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A few minutes with Margareta Hydén ...

... conducts research on domestic abuse and is one of the professors at the newly formed department: Social Work.

Your research predominately addresses men's violence against women and focuses on the significance of a network when abuse occurs within intimate relationships. Describe the network?

For those involved, family, relatives, friends, neighbours or fellow workers could cause the abuse. Previous research, including my own, has assumed that the violence was concealed and that the woman was isolated. However this is not so. There is almost always one or more of their inner circle aware of the abuse. How they react to violence bears enormous significance.

In what way?

In the most favourable cases, these networks take charge of the situation, noting, "It shouldn’t be like this". They distance themselves from the violence and from the man that perpetrates the violence. They can, in turn, engage and influence the social services and other authorities.
The most constructive method is when the brothers or friends of the man perpetrating the violence react strongly. A less constructive method is when networks do not come to terms with what they know, but ignore the event, distance themselves and feel ashamed of what is happening. For example, they do not think the violence is consistent with the image of their relative or family member. The networks may also be important for those cases when the woman ends the relationship.

You have identified 45 women's networks. 15 live urban environments, 15 in towns and 15 in rural environments. Have you noted any disparities?

Yes, the difference between urban and rural areas is considerable.
In rural areas most people know one another and therefore one could assume that care for one another is more prevalent, compared to the urban or larger cities city where "nobody cares". But this is a simplified approach. In a rural environment, people are often more adverse to offending one another. For example, if an abusive man is a member of a local hunting team, then it could create an uncomfortable atmosphere in the team if one of the members reacts against the abusive man.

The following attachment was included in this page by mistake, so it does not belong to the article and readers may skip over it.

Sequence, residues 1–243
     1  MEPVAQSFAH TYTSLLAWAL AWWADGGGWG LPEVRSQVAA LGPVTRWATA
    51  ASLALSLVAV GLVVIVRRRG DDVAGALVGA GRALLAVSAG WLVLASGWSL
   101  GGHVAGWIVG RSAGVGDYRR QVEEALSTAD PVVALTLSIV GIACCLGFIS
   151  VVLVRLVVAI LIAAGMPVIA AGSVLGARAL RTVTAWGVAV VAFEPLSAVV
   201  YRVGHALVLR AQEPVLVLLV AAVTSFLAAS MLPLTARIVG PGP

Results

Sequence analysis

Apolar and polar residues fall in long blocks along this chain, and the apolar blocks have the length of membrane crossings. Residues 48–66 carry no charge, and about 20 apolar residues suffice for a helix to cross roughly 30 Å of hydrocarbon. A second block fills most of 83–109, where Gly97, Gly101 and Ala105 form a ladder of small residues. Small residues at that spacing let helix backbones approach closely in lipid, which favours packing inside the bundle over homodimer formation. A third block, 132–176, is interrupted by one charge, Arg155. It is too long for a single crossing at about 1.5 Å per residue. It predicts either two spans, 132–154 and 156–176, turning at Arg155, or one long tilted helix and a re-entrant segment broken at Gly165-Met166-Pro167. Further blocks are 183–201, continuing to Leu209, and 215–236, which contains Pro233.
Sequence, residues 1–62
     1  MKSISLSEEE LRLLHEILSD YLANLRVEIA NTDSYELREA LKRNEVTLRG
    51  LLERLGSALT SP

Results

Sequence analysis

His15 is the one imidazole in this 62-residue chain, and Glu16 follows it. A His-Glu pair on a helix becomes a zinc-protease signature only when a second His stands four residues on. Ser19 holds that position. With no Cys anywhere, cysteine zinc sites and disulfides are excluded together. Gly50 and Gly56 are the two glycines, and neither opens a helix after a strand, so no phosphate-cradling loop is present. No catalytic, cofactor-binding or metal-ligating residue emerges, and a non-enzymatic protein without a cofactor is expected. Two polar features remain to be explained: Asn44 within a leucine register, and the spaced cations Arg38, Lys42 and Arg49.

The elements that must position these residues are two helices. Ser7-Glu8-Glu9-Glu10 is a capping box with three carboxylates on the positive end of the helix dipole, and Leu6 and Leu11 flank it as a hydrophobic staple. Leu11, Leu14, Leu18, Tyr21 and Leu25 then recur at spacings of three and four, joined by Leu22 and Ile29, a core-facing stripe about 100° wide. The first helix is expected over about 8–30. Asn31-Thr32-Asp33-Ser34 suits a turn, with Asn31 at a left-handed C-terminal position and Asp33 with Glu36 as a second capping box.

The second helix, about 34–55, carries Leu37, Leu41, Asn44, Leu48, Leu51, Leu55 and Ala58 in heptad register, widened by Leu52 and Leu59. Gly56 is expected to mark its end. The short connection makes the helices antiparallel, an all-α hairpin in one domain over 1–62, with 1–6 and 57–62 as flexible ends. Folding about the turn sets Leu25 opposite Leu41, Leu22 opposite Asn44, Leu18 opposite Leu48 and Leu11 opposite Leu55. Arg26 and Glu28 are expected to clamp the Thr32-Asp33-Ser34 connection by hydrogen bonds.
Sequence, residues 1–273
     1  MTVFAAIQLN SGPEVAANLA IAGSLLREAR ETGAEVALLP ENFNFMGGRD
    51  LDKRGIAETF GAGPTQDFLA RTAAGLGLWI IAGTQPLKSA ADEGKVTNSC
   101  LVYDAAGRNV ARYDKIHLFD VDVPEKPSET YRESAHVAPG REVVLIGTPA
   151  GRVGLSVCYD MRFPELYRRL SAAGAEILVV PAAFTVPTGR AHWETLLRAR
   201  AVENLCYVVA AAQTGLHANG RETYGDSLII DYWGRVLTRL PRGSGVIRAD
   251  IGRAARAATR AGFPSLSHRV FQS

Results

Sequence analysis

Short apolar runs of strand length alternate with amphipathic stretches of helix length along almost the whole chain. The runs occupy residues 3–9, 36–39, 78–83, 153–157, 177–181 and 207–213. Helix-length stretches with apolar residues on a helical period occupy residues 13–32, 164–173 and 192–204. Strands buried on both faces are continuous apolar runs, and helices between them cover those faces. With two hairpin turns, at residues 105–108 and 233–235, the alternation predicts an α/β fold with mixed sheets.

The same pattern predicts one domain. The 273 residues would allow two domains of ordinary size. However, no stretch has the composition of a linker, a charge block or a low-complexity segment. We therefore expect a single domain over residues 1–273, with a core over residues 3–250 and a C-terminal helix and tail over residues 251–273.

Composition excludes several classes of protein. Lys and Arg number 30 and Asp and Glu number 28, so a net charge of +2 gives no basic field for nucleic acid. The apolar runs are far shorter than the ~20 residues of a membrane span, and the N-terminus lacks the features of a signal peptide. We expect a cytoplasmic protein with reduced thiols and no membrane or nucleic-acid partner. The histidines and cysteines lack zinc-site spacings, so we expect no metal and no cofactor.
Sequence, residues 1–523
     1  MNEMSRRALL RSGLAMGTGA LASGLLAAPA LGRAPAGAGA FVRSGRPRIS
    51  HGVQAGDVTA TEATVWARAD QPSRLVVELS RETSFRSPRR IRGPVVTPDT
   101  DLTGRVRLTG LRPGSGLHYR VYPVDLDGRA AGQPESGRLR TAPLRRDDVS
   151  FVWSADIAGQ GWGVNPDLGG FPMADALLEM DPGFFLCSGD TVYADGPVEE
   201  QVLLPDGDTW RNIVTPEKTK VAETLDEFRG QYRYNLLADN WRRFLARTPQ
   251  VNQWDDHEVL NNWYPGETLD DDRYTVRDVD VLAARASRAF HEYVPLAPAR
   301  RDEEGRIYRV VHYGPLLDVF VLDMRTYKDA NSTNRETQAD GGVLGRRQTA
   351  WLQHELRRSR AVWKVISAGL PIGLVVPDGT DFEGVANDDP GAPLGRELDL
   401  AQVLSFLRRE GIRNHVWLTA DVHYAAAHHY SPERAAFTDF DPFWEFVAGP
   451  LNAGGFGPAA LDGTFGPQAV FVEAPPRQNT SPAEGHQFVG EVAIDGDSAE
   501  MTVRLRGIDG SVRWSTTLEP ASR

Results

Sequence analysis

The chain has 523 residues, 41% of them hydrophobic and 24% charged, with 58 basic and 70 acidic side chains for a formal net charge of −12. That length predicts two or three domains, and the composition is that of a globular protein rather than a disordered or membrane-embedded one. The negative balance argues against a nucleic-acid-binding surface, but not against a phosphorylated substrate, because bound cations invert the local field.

For the assaulted woman, the situation becomes even more agonizing because "everybody knows" but no one intervenes. Consequently, rural women become even more isolated with their abusive situation and, in turn, the man receives a perceived acceptance of the violence since no one intervenes.

Are your findings being used regarding the networks’ importance during practical social work?

Yes, we cooperate with the region of Västra Götaland who use the network in their work on domestic violence. They retain a method of social work in which they assemble the abused woman's network, illustrate the problems for them and then systematically attempt to harness their energy into support and action. It is fantastic to see my research directly applied to a practical example.
Yes, the Västra Götaland authorities have used my research to develop a program on domestic violence. It is designed for women, men and children. With my research as a departure point, the Västra Götaland region will also discuss how to develop methods to mobilize networks during their work.

It is fantastic to see the research used in this way.

You also set up an international research network related to domestic violence.

Yes, starting 2010, we established a network with researchers from countries such as Canada, South Africa, Great Britain and India. We will meet for the first time at Linköping University, 23-25 May. A similar network study completed here in Sweden will also be undertaken in South Africa where domestic violence is widespread.

You are a professor in the Department of Social Work, established at LiU at the end of 2010. Which issues will you address?

I hope we can concentrate on three main areas.

  • Research method issues are something I want to pursue, such as how to approach people in an ethical manner for sensitive issues.
  • Domestic violence.
  • Incorporating a global perspective to our research. We require more international exchange and knowledge.

    For more info on the research see here 
    For more info on Margareta Hydén see here 

Eva Bergstedt 2011-05-23

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Last updated: 2017-02-13